Nozick left? [update 3]
It’s all very entertaining, except for two things:
Nozick didn't start libertarianism.
And he didn't leave it. [Don’t just believe me, here’s what he said himself about it in one of his last interviews.]
So, the article is a bust. But so too is Nozick himself. Sure, he’s taught in political studies departments as a (if not the) libertarian with whom to get to grips. Indeed, as the “philosophical father of libertarianism” (to cut and paste a phrase). That’s for three simple reasons:
- Academics are dumb.
- Nozick was one himself.
- Nozick’s ideas were easy to knock over.
Nozick’s ideas slipped inside the academic tent because Nozick was an academic at Harvard—and when you’re an academic at Harvard it’s hard to be ignored. (He got the gig because he was originally a socialist, an ideology he renounced on the way to his chair). But being an academic from Harvard, his ideas had to be taught. And fortunately for those who taught them, his ideas were easy to knock down.
This suited political science professors right down their mouldy, Marxist jumpsuits. Just imagine: teaching ideas that make you uncomfortable by teaching the weakest version of those ideas you can find. A version with the academic imprimatur of Harvard no less. What could be more ingenious! Or more useful—if you’re a politicised pol-sci professor with a penchant for collectivism, and a knack of persuading your more pliable students.
As Sean Kimpton pointed out in 'The Free Radical' a few years back, when it comes to defending liberty, Robert Nozick has long been “doing more harm than good..."
[Nozick] is considered by academics to be the leading advocate for libertarianism and freedom amongst modern political philosophers, but his weak arguments are too easily trumped by self-serving intellectuals who only feel obliged to answer Nozick, rather than more substantial political thinkers like Rand....
But perhaps it is the very weakness of his arguments that add to his attraction, he is the ideal libertarian straw man - easy to knock down, and to burn while he's down.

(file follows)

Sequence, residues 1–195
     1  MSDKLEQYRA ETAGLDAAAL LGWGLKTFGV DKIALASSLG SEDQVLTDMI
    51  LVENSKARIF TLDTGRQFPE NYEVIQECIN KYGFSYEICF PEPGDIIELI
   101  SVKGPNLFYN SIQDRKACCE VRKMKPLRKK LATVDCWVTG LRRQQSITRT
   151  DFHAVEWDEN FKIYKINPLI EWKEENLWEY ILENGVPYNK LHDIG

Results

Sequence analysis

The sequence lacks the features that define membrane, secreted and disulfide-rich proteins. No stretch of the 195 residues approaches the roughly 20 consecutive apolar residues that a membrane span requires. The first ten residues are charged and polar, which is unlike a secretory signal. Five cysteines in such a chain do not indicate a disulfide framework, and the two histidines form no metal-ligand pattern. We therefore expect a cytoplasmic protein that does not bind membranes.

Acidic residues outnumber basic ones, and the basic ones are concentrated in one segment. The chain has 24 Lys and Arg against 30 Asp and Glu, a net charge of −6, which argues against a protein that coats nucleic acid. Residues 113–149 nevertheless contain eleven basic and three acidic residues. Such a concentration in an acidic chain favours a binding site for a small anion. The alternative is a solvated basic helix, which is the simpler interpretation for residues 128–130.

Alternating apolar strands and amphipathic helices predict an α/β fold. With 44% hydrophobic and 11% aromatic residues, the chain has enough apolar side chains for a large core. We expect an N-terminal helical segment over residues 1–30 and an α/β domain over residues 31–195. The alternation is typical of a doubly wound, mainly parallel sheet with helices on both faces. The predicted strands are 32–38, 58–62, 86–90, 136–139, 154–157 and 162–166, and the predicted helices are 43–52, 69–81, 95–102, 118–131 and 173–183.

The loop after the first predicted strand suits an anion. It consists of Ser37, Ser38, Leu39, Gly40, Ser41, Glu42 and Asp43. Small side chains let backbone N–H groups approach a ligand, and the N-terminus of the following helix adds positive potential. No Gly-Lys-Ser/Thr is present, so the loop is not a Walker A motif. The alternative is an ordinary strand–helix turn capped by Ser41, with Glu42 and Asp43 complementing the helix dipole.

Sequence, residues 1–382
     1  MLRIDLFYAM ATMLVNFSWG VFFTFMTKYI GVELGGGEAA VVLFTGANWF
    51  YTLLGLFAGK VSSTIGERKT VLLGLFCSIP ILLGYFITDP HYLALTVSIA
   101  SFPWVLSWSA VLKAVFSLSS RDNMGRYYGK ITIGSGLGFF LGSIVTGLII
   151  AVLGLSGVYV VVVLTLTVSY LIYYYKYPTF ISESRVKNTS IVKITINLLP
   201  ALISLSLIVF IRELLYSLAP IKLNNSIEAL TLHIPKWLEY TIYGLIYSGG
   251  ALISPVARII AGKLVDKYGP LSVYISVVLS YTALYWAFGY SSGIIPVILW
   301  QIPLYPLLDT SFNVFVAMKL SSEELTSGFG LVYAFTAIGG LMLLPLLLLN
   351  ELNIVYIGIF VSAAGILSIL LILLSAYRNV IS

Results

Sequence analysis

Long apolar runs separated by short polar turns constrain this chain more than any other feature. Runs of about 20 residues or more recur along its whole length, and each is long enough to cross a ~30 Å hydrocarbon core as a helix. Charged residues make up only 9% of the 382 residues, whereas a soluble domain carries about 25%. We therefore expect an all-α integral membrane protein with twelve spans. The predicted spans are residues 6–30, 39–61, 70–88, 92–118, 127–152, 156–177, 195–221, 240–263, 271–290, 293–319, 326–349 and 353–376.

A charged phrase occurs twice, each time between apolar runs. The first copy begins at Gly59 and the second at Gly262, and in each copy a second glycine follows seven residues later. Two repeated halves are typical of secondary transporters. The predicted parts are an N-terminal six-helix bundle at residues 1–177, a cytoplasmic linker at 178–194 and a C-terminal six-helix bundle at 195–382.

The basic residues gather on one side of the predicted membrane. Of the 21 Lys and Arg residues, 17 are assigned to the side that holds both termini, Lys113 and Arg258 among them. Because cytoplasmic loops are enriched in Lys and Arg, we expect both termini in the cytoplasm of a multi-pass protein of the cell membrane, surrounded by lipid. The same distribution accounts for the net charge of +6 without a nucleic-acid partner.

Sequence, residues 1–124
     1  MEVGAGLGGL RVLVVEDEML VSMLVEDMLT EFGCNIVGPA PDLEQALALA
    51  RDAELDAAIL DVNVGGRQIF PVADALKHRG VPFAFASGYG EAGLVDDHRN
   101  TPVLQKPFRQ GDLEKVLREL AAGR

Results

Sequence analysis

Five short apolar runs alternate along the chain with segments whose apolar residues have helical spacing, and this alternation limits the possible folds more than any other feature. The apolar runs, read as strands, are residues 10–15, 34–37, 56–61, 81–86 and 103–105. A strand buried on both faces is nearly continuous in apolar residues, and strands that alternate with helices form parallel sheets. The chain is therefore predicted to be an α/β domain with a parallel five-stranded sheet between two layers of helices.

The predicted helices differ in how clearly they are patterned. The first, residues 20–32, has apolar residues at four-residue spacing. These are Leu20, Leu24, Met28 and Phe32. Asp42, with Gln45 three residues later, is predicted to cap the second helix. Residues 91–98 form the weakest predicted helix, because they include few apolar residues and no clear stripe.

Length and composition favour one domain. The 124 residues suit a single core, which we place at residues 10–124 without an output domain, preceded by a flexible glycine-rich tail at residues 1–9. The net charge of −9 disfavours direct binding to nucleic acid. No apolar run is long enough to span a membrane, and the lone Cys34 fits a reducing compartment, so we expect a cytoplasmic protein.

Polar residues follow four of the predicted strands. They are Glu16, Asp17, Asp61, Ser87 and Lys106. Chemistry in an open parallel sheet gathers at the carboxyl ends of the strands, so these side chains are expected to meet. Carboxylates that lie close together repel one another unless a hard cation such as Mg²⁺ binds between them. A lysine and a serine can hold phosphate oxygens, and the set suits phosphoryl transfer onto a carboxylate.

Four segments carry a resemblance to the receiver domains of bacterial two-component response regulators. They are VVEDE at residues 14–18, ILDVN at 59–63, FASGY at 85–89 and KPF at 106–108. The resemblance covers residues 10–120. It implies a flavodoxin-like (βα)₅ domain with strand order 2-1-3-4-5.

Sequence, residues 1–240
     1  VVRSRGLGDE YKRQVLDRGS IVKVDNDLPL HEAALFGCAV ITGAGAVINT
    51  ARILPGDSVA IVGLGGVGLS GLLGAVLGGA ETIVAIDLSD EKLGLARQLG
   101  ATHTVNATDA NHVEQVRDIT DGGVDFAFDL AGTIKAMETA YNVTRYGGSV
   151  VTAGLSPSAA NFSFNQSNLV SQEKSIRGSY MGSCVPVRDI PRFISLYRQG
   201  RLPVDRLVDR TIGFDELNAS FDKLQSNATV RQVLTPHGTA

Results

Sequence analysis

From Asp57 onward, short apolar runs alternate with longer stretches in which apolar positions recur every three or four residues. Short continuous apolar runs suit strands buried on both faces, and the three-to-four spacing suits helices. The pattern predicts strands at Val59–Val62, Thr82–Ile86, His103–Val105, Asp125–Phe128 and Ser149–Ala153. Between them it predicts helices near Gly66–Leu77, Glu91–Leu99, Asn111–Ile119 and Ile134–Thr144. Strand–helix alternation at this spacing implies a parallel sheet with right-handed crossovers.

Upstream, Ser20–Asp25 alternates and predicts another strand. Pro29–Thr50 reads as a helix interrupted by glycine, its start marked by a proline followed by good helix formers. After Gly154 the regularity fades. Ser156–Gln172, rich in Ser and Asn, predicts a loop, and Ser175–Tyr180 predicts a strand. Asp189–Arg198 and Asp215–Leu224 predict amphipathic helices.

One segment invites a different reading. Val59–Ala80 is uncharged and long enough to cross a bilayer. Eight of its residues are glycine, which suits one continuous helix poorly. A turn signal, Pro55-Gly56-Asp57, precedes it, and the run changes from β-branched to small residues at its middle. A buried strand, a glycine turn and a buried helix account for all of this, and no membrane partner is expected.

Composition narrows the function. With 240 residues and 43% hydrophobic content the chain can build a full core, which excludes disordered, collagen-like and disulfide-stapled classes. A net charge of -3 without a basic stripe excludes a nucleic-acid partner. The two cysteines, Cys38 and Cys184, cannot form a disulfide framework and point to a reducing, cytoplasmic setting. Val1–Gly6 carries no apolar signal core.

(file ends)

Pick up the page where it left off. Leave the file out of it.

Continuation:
But Nozick does have value. He shows us that if your arguments lack foundations you will undo your conclusions, no matter how true they might be.
Nonetheless, a few fellows at Cato have still been trying to defend the poor, late libertarian against the slings and arrows of Mr Metcalf’s outrageous verbiage. If you wish defence against Mr Metcalf, then here it is (nice title on that first piece, by the way:
- Capitalist Acts between Consenting Adults
- Misunderstanding Nozick, Again
- Robert Nozick and the Value of Liberty
UPDATE 1: Matt Welch from Reason magazine weighs in with a slate of further replies, rejoinders and rebuttals to Metcalf’s monstering of the dead professor:
And someone just emailed me to ask why I’ve bothered posting a defence of someone whom I hold in such little respect. Two reasons, really:
- Mr Metcalf’s shotgun blast against Nozick is intended to be a take-down of the political philosophy Nozick was supposed to represent, using him as the target and taking out sundry others in the scattergun
- Because tender young pol-sci students who have been taught that I must subscribe to the Nozick wisdom and who tune in here daily (and eagerly) for my gems of insight and political wisdom need to know that all is not as it appears be Nozick-wise—just not in the way that Mr Metcalf thinks.
So now you know. Both of you.
UPDATE 2: Nozick admirer Julian Sanchez reckons the very central contention of Metcalf’s is frankly wrong, and the piece proves little beyond “ that there’s nothing too fundamentally confused to be published on Slate as long as it gets in a few good jabs at libertarians.”
UPDATE 3: So why, you might wonder, have baseless attacks on the godfathers of libertarianism—or even the alleged godfathers of libertarianism—increased in recent times? Well, maybe it’s because they’re getting traction. Hell, even the New York Times thinks they are: